Al Idian

Setting Up a Home Server



Recently, I purchased a NUC barebones kit, which I customized with some memory and storage. Assembling the adorable, little computer was easy and quite fun — and so was selecting and installing a Linux distro. It is strange to think this is actually the first desktop computer I have personally owned.

I wanted to use the computer as a moderately-powerful Linux development machine, and while I am experienced at working with Linux through remote connections and containers, I have never used Linux on my primary machine before.

Aside from serving as my primary computer, I wanted the NUC to function as a remote development machine — something I can ssh into from my MacBook when I am away from home. In this blog post, I wanted to write about how I was able to successfully set up the NUC as a home server for development and general computing.


Here is what I wanted to achieve:

  1. Have the ability to work on the NUC remotely through ssh, and
  2. Do the above while on a residential internet connection with a dynamic IP address.

Creating the SSH server

The first step is simple to achieve. On my machine using Pop!_OS, I ran:

sudo apt install openssh-server

Since Pop!_OS is based on Ubuntu/Debian, the same command will work for Ubuntu, Debian, and other distros in the same family.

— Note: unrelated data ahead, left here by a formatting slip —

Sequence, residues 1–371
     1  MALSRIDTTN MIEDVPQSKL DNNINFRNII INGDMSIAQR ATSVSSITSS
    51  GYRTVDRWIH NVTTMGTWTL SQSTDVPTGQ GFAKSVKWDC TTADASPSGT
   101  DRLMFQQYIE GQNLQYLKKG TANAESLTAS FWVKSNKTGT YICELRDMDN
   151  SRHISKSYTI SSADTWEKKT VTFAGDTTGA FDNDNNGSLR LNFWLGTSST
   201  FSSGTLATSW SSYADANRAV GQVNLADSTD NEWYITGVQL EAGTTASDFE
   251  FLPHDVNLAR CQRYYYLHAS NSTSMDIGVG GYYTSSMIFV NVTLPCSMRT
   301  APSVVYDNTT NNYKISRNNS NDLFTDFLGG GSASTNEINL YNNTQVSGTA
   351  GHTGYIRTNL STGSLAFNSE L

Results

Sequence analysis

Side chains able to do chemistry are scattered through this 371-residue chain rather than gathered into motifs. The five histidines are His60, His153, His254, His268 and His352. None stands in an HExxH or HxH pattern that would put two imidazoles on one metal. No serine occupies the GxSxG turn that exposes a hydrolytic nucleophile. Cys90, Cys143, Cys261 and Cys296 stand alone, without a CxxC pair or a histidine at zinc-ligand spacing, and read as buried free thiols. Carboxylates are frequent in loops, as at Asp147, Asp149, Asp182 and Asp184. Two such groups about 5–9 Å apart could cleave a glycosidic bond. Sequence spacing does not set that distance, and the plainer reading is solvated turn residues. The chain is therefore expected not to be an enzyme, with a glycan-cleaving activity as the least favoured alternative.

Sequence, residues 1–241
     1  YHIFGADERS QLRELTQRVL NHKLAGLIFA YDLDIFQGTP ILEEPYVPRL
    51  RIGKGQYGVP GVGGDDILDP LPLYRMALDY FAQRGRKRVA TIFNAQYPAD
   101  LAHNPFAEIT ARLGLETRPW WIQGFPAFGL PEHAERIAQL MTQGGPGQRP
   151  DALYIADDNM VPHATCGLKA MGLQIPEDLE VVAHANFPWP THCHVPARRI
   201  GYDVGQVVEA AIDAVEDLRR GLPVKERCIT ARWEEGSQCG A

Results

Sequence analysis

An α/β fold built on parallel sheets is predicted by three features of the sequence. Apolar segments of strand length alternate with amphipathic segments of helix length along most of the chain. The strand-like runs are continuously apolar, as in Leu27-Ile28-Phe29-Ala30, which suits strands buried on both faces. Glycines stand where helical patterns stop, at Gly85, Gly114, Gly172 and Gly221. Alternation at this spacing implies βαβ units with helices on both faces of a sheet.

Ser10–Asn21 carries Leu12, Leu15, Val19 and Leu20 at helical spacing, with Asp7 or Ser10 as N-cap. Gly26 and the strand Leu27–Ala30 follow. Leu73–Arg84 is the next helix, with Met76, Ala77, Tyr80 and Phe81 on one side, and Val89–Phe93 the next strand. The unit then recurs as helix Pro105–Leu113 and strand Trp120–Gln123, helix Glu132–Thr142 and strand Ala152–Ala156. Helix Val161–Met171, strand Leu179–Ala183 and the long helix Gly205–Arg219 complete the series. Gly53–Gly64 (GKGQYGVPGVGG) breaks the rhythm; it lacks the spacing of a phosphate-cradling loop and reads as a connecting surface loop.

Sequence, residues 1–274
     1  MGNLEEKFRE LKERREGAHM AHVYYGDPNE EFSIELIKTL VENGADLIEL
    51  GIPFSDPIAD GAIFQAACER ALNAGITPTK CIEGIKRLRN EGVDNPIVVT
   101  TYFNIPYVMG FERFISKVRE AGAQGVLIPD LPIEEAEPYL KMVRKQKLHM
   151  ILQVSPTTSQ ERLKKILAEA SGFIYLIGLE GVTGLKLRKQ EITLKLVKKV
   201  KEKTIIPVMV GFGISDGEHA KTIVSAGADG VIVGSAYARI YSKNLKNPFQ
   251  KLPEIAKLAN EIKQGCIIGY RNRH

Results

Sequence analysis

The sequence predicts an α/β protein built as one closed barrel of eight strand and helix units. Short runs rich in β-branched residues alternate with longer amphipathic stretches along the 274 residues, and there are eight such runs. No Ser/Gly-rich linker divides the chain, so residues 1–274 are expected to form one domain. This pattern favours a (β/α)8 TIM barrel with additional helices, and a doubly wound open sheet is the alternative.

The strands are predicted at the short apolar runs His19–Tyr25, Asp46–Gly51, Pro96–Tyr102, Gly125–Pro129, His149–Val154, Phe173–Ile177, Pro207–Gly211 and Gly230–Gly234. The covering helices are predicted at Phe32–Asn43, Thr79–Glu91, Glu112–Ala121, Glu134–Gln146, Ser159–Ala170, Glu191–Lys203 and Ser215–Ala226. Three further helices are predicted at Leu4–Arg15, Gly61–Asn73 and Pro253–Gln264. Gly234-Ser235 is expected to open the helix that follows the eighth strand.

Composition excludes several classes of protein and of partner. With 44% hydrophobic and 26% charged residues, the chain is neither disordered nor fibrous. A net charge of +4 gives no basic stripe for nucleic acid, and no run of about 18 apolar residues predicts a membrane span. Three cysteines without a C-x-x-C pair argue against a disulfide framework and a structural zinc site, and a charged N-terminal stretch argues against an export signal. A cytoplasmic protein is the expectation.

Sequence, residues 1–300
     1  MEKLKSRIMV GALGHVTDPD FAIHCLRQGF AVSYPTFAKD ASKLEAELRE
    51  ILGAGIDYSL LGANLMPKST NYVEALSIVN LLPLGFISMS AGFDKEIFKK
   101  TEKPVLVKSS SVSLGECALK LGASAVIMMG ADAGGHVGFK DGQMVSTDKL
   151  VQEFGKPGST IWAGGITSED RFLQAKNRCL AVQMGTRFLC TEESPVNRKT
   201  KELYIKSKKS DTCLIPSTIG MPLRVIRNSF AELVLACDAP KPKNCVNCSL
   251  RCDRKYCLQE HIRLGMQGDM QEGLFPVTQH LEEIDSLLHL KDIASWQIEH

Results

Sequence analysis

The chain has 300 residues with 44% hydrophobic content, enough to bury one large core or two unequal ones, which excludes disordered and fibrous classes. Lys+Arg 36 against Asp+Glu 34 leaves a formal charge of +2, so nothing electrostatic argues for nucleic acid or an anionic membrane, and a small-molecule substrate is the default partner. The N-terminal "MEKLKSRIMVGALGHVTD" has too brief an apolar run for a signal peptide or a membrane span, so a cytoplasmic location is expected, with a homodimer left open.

Even before any configuration, installing openssh-server is enough to support incoming ssh connections within the local network. So at this point, I am able to connect locally to my NUC from my MacBook through the NUC’s local IP address.

Working around a dynamic IP address

The second step is a lot more involved than the first. There are a couple distinct challenges here:

  1. Since my residential internet connection has a dynamic IP address, I can’t rely on my home’s public IP address to remain consistent over any period of time. I would like a solution that automatically handles this whenever it happens.
  2. When I try to initiate an ssh connection from an outside device to my home network, my router needs to know to relay the information to my NUC.

To solve the first challenge and after a bit of research, I did the following:

Then to deal with the second challenge, I did the following:

By using a free third-party service and making configuration changes to my home router, I was able to guarantee a reliable way to connect to my home server through ssh from an outside device.

Additional security

Since I have opened up my home network to incoming traffic from the public Internet, it is crucial that I think about what security features I can put up to minimize my attack surface. Here is what I have done so far:

sudo ufw allow ssh
sudo ufw enable